H-alpha Variability in PTFO8-8695 and the Possible Direct Detection of Emission from a 2 Million Year Old Evaporating Hot JupiterAuthors:Johns-Krull et alAbstract:We use high time cadence, high spectral resolution optical observations to detect excess H-alpha emission from the 2 - 3 Myr old weak lined T Tauri star PTFO8-8695. This excess emission appears to move in velocity as expected if it were produced by the suspected planetary companion to this young star. The excess emission is not always present, but when it is, the predicted velocity motion is often observed. We have considered the possibility that the observed excess emission is produced by stellar activity (flares), accretion from a disk, or a planetary companion; we find the planetary companion to be the most likely explanation. If this is the case, the strength of the H-alpha line indicates that the emission comes from an extended volume around the planet, likely fed by mass loss from the planet which is expected to be overflowing its Roche lobe.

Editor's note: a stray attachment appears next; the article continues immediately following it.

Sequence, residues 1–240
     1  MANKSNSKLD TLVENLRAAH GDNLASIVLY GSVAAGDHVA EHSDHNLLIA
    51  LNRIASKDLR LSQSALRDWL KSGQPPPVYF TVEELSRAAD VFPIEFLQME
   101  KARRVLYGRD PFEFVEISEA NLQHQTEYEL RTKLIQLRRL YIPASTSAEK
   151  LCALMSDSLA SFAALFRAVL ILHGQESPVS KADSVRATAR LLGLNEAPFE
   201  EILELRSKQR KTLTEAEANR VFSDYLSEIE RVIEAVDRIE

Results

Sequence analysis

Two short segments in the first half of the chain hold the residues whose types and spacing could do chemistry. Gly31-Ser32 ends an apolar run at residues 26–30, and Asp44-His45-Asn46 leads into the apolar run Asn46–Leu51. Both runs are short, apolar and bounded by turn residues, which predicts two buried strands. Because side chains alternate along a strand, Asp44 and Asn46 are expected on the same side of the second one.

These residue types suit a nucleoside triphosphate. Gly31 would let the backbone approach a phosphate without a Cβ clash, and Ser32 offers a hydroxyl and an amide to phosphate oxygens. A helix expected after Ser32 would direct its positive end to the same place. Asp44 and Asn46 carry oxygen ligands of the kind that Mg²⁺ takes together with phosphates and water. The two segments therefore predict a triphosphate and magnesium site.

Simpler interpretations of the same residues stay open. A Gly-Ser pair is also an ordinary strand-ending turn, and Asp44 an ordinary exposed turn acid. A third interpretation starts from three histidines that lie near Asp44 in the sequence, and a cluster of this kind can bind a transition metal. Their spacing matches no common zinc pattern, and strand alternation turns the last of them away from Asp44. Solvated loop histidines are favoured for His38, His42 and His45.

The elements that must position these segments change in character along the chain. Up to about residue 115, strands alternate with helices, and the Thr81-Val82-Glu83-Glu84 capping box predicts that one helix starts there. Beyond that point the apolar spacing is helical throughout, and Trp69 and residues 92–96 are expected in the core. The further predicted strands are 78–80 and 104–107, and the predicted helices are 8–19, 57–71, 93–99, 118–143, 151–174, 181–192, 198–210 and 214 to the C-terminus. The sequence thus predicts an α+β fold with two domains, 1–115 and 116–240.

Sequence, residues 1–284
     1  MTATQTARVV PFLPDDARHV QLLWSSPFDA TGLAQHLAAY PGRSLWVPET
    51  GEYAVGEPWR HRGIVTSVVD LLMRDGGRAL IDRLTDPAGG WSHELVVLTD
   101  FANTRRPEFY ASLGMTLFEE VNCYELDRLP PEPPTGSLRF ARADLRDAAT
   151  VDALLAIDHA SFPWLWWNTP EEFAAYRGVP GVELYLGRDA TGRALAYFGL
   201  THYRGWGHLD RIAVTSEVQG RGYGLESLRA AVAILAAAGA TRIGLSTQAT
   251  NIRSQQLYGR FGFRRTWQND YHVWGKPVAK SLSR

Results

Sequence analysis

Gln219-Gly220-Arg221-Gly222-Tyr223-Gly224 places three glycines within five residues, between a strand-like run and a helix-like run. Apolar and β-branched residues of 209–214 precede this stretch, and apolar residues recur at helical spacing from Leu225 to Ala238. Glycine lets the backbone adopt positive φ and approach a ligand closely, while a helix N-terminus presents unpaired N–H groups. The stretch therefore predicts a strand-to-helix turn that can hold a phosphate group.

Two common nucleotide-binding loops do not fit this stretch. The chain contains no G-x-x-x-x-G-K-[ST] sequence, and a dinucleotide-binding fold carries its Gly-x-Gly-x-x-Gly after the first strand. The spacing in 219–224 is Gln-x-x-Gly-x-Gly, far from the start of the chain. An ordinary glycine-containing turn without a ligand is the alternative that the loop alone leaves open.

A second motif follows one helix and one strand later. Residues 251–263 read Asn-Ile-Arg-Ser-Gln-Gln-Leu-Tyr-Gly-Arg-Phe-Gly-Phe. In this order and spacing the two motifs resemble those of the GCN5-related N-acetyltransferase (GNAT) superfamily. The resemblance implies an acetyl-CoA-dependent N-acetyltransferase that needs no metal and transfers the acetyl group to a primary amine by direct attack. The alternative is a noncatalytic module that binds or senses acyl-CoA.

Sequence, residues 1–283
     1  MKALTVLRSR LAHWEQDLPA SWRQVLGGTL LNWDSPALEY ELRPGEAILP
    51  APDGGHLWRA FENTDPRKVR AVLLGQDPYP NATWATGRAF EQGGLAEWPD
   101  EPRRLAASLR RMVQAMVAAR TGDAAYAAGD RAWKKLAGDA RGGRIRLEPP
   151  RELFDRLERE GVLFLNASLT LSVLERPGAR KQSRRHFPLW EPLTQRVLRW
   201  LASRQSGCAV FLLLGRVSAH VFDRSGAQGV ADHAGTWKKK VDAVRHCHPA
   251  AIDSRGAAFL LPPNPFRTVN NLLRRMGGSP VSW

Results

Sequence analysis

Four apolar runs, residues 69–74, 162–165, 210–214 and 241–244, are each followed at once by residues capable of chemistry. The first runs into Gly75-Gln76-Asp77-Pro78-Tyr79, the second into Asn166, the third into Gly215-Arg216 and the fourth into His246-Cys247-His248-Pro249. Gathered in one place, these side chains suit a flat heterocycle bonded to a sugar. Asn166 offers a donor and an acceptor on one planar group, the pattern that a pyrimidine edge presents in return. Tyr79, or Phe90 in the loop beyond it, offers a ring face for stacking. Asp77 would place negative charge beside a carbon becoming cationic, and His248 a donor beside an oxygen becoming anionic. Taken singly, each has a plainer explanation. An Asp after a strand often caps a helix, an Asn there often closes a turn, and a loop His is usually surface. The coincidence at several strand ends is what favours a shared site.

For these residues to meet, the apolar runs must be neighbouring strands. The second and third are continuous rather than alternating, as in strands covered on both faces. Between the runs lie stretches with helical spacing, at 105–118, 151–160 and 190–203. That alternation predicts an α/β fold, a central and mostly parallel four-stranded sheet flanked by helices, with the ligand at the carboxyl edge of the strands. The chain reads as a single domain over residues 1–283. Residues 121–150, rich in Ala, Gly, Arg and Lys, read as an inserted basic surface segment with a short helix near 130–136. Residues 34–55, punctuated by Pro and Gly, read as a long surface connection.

Wednesday, September 21, 2016
PTFO8-8695b: the 2 Milion Year Old Hot Jupiter Already Dying (again)
Posted by Will Baird at 4:00 PM
Labels: comet-like world, disintegrating world, gas giants, giant planets, hot jupiters, PTFO 8-8695b, roche limits
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